When you go outside, wear a warm hat or hood to prevent body heat from escaping through your head. It may even help to wear a knit hat in your home, office, or school if you tend to get cold.

Keep your face from getting too cold by wearing a knit mask or balaclava. A warm scarf or even a face mask can also help you stay warm.

4. Protect Your Hands and Feet

It may be particularly important for people with cold AIHA to avoid cold temperatures on their heads and faces. This condition often makes the hands and feet feel extra cold. Your fingers and toes may even turn red or blue or become painful. This is called acrocyanosis or Raynaud’s phenomenon.

To protect your hands, wear gloves that contain an insulated inner lining and an outer waterproof layer. Additionally, you should always try to wear water-resistant shoes or boots. You can buy waterproofing spray to help your shoes stay dry.

5. Consume Warm Foods and Drinks

Heating up food and drinks can help prevent hemolysis if you have cold AIHA.

Avoid ice-cold drinks and sip on hot tea, coffee, or hot chocolate. Drinking warm water may also keep your body temperature elevated.

Choose warm meals when possible during the colder months. A hot soup, stew, or casserole may help you avoid triggering an immune system reaction.

6. Take It Easy During Cold Months

If you need to spend a lot of time in the cold, anemia (loss of red blood cells) can lead to tiredness and weakness. Don’t plan to do too much during the winter if you’re prone to these symptoms. You may need to take a break from certain activities so you have extra time to rest and recharge.

7. Prep Your Home

Keeping your home insulated and your furnace working properly is a good idea for anyone, but it can be a health necessity for people with cold AIHA.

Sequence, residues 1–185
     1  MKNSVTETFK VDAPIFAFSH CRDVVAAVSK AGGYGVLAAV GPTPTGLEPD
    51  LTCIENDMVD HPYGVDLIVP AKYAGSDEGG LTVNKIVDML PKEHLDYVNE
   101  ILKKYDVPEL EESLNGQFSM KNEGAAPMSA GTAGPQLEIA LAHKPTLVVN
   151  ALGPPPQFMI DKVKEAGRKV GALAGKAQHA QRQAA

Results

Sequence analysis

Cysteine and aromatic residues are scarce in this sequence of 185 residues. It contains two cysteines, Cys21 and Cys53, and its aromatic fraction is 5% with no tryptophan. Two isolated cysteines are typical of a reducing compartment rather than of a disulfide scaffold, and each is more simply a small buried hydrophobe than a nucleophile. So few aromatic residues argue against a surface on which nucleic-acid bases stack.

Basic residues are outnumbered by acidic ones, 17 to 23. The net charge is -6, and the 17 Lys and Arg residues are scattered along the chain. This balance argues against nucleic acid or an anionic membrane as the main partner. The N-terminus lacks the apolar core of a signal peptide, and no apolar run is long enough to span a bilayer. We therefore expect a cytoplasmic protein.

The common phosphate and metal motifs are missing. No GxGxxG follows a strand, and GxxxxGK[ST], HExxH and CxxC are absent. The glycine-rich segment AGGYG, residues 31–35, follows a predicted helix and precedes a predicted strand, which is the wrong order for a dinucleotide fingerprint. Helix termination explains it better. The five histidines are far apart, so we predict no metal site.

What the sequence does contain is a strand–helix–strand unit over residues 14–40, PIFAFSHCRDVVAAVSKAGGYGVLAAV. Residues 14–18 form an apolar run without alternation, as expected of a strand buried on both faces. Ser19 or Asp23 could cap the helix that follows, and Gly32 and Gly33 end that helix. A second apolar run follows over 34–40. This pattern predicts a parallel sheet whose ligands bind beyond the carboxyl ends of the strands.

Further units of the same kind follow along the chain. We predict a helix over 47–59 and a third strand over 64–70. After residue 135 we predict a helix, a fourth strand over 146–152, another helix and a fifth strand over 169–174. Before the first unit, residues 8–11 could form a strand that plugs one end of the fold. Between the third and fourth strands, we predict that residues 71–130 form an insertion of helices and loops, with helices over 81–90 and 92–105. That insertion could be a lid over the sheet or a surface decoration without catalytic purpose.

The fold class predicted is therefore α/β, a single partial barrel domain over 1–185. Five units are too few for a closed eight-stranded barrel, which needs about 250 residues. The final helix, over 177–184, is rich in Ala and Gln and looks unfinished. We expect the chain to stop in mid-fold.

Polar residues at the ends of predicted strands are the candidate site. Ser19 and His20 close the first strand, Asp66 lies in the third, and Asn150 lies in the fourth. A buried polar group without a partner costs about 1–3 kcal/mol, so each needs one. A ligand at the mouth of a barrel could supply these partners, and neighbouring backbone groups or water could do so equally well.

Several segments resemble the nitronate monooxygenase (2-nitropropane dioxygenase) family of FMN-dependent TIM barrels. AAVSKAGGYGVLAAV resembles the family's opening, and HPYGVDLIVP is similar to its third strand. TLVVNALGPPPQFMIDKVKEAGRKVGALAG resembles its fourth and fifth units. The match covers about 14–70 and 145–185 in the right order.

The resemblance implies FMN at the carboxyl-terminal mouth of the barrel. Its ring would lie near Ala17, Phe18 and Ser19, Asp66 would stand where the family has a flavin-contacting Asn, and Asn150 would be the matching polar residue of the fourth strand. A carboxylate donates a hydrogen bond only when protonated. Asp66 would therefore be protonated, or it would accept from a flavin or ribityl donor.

You can help winterize your living space by putting weather stripping around gaps in windows or doors. Additionally, you can limit drafty air by installing window insulation using a simple kit from your local hardware store. Hanging up blankets in front of windows may also help.

Get your heater, ducts, and vents inspected and cleaned once per year. This maintenance can help your heating system more efficiently warm your home or apartment. If you rent, ask your landlord if your heater has been checked recently.

8. Use AIHA Treatments

If you’re having a hard time staying warm enough to manage your symptoms, talk to your health care team about your treatment plan. Not everyone with cold AIHA needs treatments, but they may help if you have ongoing or severe anemia.

CAD can be treated with a blood transfusion if you don’t have enough red cells. Immunosuppressive medications like rituximab (Rituxan) that help calm the immune system may also help. A newer drug option, sutimlimab-jome (Enjaymo), is a type of monoclonal antibody (laboratory-made immune system inhibitor). It can block the destruction of red cells from the body’s immune system.